A new report from Moody’s Investors Service warns that two of New Jersey’s largest public employee pensions will run out of money and exhaust their underlying assets within ten years.
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Moody’s says the New Jersey Public Employees Retirement System (PERS) and the Teachers’ Pension and Annuity Fund (TPAF) “could fully expend their assets as soon as 2024 and 2027… even assuming the funds meet assumed investment returns.”
Last week, New Jersey reported its unfunded pension liabilities doubled to an astonishing $83 billion at the end of June. New more realistic accounting guidelines required by the Governmental Accounting Standards Board require New Jersey, and other states, to use smaller discount rates to determine investment results. The Moody’s report -- New Jersey Reports Surge in Unfunded Liabilities Under New Pension Accounting Rule -- indicates New Jersey has limited time to fix its poorly funded public pensions, or the state’s taxpayers face a nightmarish future of higher taxes and fewer services.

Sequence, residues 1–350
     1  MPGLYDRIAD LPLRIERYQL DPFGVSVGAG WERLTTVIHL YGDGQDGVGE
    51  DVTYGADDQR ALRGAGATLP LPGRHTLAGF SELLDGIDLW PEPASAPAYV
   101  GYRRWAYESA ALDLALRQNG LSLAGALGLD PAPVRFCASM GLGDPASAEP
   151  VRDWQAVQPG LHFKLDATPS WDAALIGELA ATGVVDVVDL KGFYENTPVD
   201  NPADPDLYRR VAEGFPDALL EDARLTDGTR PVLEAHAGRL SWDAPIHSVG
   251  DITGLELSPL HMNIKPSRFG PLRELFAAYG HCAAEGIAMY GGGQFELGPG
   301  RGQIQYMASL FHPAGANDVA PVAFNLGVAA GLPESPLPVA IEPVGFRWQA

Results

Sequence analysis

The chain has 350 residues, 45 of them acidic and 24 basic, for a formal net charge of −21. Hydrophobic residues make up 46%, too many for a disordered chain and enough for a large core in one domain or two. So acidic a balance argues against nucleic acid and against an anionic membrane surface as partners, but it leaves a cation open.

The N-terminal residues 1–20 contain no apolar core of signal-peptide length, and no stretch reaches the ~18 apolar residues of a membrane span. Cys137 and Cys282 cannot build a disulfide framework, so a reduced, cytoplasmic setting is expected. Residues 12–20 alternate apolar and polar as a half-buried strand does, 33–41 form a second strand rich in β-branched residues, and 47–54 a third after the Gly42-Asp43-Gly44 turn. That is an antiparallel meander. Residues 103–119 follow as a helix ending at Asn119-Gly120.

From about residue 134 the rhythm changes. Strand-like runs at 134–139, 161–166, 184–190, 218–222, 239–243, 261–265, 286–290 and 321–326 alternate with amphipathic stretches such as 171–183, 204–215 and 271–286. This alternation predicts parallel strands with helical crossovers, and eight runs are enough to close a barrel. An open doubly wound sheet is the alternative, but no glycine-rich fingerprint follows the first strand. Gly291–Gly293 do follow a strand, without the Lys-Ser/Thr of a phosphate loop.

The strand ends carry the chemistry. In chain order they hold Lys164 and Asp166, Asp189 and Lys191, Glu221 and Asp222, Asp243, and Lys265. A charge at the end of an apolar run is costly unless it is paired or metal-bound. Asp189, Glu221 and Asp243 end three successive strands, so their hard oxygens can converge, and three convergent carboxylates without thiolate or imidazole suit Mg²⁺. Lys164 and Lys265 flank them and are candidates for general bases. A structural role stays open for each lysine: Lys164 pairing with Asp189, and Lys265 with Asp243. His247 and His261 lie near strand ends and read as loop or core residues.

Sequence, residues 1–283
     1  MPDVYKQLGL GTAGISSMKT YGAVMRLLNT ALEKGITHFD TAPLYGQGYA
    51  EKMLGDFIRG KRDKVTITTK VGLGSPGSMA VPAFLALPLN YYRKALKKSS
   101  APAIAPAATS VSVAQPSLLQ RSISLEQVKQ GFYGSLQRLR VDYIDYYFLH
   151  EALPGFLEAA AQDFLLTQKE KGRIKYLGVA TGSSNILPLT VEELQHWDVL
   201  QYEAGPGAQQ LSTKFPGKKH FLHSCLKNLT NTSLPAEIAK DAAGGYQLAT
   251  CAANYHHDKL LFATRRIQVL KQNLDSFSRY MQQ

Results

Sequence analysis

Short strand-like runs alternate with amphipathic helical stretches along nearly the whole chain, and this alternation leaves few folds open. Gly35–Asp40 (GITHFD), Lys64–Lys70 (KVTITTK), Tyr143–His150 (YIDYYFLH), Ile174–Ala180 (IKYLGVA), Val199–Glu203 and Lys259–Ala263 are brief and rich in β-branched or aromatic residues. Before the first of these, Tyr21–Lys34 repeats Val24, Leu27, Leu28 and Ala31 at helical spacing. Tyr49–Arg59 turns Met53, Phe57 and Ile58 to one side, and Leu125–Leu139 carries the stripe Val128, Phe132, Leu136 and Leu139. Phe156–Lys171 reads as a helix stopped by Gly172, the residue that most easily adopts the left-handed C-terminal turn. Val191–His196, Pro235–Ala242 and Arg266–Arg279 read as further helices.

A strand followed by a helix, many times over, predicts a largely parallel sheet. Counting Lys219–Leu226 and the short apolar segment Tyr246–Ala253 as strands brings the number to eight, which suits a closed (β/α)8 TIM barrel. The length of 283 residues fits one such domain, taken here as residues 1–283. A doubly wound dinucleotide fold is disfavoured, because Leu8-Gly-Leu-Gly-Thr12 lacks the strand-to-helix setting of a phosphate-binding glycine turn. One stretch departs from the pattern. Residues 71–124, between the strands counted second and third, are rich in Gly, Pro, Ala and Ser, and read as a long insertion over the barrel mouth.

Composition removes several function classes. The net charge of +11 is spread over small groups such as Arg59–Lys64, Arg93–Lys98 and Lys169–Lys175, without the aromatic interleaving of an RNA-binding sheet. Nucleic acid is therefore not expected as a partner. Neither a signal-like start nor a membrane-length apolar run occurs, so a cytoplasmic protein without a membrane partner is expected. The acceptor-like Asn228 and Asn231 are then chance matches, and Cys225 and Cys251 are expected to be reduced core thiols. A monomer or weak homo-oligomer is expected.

According to Moody’s: “Once plan assets are depleted, the state will have to fund pension benefits directly from its operating budget, driving its annual retiree benefit expenses significantly higher.”
Benefits paid to teachers and public sector retirees in 2013 from TPAF and PERS assets totaled $4.9 billion, roughly 16% of the states operating revenues. The state’s contribution to those plans last year was $878 million. When those pension plan assets are depleted, taxpayers will have to fund the $4 billion shortfall. New Jersey has already delayed plans to better fund its public pensions, and Moody’s warns the new accounting standards will cause the state’s unfunded liability to continue to grow.